online-shopping

How much are you paying for online shopping postage?

When was the last time you bought or sold something online? Websites like eBay and Amazon have made shopping from the comfort of our own homes so much more streamlined, but it also means that a lot of people are putting a lot of extra money on their credit cards.

A whopping 62 per cent of Australians made an online transaction in the six months leading up to April 2011, according to the Australian Communications and Media Authority (ACMA). Internet users outside of the major cities were more likely to buy goods online, with 70 per cent of these people making online transactions compared to the 63 per cent who did so from a metropolitan location.

When you don’t physically go to the store to buy an item you need to pay for postage, whether that’s from a local store or the other side of the world. How much does this cost, and is it contributing to the amount we’re putting on our credit cards?

What does it cost to ship from popular online shopping sites?

For Australian buyers, Myer online shopping offers one major convenience that many other retailers cannot: free shipping (albeit for orders over $100). CHOICE suggests that this free shipping isn’t always as free as it seems, because the cost to the business is built into the cost of products. However, buying local is usually going to be cheaper than buying from overseas because of the shipping.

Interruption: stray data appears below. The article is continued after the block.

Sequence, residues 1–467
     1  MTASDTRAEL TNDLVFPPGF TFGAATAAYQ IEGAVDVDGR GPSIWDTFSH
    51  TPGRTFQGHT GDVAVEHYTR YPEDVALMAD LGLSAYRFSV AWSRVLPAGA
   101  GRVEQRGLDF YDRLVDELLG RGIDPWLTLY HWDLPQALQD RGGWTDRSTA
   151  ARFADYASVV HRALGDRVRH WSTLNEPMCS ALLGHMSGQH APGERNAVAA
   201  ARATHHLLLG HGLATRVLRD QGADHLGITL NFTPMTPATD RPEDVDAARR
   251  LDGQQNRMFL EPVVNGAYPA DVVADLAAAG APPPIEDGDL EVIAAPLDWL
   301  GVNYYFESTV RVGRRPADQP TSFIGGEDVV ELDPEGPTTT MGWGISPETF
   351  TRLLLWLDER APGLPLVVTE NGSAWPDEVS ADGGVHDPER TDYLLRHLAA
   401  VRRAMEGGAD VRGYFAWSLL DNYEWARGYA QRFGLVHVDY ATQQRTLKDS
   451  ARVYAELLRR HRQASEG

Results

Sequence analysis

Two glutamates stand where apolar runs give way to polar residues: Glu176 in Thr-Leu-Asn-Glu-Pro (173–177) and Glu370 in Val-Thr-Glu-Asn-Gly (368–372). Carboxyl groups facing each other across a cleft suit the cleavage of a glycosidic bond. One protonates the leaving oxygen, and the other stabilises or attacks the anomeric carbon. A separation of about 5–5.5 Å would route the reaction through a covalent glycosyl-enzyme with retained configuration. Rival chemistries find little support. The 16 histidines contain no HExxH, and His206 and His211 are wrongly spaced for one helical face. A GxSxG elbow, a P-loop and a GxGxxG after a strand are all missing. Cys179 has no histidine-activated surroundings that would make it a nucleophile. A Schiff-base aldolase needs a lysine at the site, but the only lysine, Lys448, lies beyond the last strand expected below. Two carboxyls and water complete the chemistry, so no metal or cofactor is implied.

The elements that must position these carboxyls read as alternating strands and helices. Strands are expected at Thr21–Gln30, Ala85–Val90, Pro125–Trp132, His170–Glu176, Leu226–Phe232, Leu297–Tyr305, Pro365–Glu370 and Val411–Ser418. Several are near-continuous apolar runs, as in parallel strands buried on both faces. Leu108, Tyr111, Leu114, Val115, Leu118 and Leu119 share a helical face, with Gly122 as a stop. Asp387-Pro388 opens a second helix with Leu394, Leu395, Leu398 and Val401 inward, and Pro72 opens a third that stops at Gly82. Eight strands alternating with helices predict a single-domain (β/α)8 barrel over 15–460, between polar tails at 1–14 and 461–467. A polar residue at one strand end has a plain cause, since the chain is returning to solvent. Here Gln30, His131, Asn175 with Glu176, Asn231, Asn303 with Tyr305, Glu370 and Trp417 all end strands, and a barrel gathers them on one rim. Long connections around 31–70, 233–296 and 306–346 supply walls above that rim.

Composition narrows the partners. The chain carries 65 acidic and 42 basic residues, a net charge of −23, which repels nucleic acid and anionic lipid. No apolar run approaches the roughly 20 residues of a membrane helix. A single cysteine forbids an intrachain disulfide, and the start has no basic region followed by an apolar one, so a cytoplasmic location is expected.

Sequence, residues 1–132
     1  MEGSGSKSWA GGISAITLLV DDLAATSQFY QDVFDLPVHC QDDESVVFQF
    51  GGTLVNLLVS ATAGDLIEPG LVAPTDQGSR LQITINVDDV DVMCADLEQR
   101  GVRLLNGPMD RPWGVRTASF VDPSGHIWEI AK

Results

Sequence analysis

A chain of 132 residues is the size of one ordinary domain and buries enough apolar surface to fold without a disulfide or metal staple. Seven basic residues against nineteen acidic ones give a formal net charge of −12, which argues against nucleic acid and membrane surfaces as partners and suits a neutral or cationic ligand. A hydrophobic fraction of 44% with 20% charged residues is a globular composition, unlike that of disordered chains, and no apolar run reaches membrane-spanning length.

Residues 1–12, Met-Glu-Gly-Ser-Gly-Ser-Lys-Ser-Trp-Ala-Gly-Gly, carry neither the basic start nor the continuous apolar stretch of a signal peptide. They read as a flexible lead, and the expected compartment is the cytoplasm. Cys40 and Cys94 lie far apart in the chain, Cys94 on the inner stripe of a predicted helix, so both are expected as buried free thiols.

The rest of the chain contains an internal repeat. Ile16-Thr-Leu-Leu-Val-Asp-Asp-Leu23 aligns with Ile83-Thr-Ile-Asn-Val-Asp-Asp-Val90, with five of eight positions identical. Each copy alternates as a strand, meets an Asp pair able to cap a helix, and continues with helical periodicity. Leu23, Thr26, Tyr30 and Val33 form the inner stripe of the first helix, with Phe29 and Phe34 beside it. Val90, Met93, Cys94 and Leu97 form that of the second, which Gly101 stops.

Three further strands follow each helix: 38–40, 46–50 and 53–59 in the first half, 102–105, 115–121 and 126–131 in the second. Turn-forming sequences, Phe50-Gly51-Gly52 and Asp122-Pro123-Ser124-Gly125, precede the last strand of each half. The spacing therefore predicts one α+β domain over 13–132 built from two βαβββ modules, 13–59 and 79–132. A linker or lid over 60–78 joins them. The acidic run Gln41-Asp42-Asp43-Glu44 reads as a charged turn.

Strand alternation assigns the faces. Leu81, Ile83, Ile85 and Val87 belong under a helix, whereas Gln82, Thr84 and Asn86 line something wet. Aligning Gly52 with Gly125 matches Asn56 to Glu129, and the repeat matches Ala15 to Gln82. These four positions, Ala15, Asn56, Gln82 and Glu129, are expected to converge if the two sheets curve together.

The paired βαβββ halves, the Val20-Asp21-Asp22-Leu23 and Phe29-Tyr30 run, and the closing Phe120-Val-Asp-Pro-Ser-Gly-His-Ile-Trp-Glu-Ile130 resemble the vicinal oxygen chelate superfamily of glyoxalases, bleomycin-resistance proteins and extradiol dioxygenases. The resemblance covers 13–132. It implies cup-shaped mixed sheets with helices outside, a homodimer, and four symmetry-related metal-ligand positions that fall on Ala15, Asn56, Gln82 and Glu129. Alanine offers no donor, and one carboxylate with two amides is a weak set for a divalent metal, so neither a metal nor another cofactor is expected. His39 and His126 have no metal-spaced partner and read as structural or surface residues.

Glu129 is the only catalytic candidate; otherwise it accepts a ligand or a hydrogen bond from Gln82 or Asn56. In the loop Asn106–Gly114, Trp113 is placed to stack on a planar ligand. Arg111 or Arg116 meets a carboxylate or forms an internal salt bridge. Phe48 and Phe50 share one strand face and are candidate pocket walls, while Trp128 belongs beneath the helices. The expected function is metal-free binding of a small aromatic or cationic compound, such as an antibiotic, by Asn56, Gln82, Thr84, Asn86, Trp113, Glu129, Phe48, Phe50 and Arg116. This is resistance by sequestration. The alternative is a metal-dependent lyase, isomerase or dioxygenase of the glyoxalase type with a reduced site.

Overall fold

A 1 kilogram parcel delivered by courier from the US will cost $66, from Hong Kong it will cost $30 and from New Zealand $45, based on rates from Australia Post. Within the country, Australia Post has released a flat-rate postage service for certain items. Larger goods such as toys or electronics sent nationally will set you back $15.05 – a 50 per cent saving on the cheapest international shipping option above.

The ACMA research pointed out one important point about how we’re buying online – 91 per cent of shoppers use their credit cards or direct money transfers to pay for the goods (including shipping).

Shopping local supports the economy

Retail giant Amazon recently announced that it will open an Australian fulfilment centre, according to SmartCompany, and while some small businesses will benefit, others will be competing with one of the largest independent marketplaces in the world. This will make it significantly cheaper to buy from Amazon (which has an enormous range of products), but unless they offer promotions such as free shipping, the 91 per cent of shoppers using their credit cards will need to be mindful of the postage costs associated with their purchases.

To find out more about your credit card interest rates and how shopping could affect that, contact Beyond Bank today.



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